The Jewish Manual/Chapter III

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When fish is to be boiled, it should be rubbed lightly over with salt, and set on the fire in a saucepan or fish-kettle sufficiently large, in hard cold water, with a little salt, a spoonful or two of vinegar is sometimes added, which has the effect of increasing its firmness.</div

Fish for broiling should be rubbed over with vinegar, well dried in a cloth and floured. The fire must be clear and free from smoke, the grid-iron made quite hot, and the bars buttered before the fish is put on it. Fish to be fried should be rubbed in with salt, dried, rolled in a cloth, and placed for a few minutes before the fire previous to being put in the pan.


Soles, plaice, or salmon, are the best kinds of fish to dress in this manner, although various other sorts are frequently used. When prepared by salting or drying, as above directed, have a dish ready with beaten eggs, turn the fish well over in them, and sprinkle it freely with flour, so that the fish may be covered entirely with it, then place it in a pan with a good quantity of the best frying oil at boiling heat; try the fish in it gently, till of a fine equal brown colour, when done, it should be placed on a cloth before the fire for the oil to drain off; great care should be observed that the oil should have ceased to bubble when the fish is put in, otherwise it will be greasy; the oil will serve for two or three times if strained off and poured into a jar. Fish prepared in this way is usually served cold.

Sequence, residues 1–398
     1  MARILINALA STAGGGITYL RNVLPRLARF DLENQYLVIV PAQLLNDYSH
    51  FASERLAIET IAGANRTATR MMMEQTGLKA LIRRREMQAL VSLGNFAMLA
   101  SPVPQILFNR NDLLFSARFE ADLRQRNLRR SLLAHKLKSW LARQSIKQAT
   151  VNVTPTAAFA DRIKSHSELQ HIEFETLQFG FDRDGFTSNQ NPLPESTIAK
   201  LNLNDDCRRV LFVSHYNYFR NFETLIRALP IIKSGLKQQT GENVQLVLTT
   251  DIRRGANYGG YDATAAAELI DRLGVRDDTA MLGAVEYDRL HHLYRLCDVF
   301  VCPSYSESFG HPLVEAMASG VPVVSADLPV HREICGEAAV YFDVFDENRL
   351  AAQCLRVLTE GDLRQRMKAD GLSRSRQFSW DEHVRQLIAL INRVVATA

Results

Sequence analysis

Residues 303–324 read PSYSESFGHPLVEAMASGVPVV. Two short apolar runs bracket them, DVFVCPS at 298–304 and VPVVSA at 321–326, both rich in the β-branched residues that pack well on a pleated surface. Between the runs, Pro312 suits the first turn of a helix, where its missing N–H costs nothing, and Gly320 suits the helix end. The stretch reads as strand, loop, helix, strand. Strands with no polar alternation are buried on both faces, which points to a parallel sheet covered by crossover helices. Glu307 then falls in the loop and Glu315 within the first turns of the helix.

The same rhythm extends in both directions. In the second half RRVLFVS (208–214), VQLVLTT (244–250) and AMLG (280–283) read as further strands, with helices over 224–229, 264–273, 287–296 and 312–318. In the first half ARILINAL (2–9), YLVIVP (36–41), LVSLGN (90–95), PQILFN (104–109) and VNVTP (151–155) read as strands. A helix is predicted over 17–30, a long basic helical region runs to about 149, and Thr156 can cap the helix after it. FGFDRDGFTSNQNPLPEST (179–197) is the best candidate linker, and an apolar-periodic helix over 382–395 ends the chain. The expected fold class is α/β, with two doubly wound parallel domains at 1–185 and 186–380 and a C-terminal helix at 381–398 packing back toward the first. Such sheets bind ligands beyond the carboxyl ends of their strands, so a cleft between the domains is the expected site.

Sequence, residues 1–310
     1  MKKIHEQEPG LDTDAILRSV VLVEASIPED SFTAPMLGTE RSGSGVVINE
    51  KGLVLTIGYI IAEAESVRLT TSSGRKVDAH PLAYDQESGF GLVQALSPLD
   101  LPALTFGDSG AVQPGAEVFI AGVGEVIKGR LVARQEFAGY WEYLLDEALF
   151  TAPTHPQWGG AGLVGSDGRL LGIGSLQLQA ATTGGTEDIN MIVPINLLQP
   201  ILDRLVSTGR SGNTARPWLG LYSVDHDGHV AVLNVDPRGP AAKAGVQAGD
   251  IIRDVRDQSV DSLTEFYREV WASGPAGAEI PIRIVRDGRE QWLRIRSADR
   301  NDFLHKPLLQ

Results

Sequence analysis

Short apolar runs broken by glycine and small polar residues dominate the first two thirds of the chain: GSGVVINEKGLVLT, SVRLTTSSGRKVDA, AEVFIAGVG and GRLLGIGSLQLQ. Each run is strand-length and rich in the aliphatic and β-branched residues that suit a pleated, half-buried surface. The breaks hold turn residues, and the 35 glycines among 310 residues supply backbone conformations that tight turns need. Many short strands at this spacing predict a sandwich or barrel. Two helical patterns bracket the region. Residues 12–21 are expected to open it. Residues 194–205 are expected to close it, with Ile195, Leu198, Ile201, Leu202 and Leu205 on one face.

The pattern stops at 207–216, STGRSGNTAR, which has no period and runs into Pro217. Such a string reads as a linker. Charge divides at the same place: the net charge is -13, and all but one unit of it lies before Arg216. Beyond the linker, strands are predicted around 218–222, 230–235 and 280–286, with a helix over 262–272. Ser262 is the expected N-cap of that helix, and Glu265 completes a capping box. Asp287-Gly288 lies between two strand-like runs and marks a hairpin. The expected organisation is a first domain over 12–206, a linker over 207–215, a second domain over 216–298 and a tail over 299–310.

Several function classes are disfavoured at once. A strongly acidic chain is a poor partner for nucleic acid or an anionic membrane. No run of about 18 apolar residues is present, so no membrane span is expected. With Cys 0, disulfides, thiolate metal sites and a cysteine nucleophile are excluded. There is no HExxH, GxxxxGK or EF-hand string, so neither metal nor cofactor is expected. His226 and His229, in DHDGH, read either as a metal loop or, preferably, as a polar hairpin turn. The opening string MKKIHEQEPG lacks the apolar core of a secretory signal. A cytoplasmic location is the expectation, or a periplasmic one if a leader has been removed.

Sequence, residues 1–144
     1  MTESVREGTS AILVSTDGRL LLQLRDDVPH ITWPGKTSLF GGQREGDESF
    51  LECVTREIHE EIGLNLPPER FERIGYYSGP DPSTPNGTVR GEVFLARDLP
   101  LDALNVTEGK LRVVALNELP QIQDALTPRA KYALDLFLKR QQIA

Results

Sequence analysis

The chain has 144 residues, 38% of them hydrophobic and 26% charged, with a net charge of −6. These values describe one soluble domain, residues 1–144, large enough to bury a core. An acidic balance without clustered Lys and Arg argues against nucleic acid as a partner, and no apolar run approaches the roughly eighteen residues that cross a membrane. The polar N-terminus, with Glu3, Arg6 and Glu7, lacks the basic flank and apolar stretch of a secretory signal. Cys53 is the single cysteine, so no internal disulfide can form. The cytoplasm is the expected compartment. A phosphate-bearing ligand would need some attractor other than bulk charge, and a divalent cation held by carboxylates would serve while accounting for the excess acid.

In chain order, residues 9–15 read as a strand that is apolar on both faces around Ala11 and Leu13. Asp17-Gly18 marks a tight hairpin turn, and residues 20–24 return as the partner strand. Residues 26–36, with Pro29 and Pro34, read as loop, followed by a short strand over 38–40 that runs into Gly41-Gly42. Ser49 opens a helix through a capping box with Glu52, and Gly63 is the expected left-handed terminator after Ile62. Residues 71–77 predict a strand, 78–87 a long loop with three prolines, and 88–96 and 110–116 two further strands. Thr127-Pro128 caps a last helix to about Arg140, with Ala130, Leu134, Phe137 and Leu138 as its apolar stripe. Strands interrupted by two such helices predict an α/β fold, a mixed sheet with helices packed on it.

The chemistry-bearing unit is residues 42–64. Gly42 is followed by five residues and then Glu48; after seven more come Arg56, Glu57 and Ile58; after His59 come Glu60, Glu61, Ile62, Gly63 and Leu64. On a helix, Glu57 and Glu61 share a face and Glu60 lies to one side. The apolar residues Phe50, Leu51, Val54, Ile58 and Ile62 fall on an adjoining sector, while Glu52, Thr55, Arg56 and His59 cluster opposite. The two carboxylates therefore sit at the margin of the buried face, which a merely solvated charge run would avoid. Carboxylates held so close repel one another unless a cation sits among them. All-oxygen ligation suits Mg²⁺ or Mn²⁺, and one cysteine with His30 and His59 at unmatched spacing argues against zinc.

Prepare the soles as directed in the last receipt, brush them over with egg, dredge them with stale bread crumbs, and fry in boiling butter; this method is preferable when required to be served hot.


Take some cold fried fish, place it in a deep pan, then boil half a pint of vinegar with two table spoonsful of water, and one of oil, a little grated ginger, allspice, cayenne pepper, two bay leaves, a little salt, and a table spoonful of lemon juice, with sliced onions; when boiling, pour it over the fish, cover the pan, and let it stand twenty-four hours before serving.


Put an onion, finely chopped, into a stew-pan, with a little oil, till the onion becomes brown, then add half a pint of water, and place the fish in the stew-pan, seasoning with pepper, salt, mace, ground allspice, nutmeg, and ginger; let it stew gently till the fish is done, then prepare the beaten yolks of four eggs, with the juice of two lemons, and a tea spoonful of flour, a table spoonful of cold water, and a little saffron, mix well in a cup, and pour it into the stew-pan, stirring it carefully one way until it thickens. Balls should be thrown in about twenty minutes before serving; they are made in the following way: take a little of the fish, the liver, and roe, if there is any, beat it up finely with chopped parsley, and spread warmed butter, crumbs of bread, and seasoning according to taste; form this into a paste with eggs, and make it into balls of a moderate size; this is a very nice dish when cold; garnish with sliced lemon and parsley.


Take three or four parsley roots, cut them into pieces, slice several onions and boil in a pint of water till tender, season with lemon juice, vinegar, saffron, pepper, salt, and mace, then add the fish, and let it stew till nearly finished, when remove it, and thicken the gravy with a little flour and butter, and the yolk of one egg, then return the fish to the stew-pan, with balls made as directed in the preceding receipt, and boil up.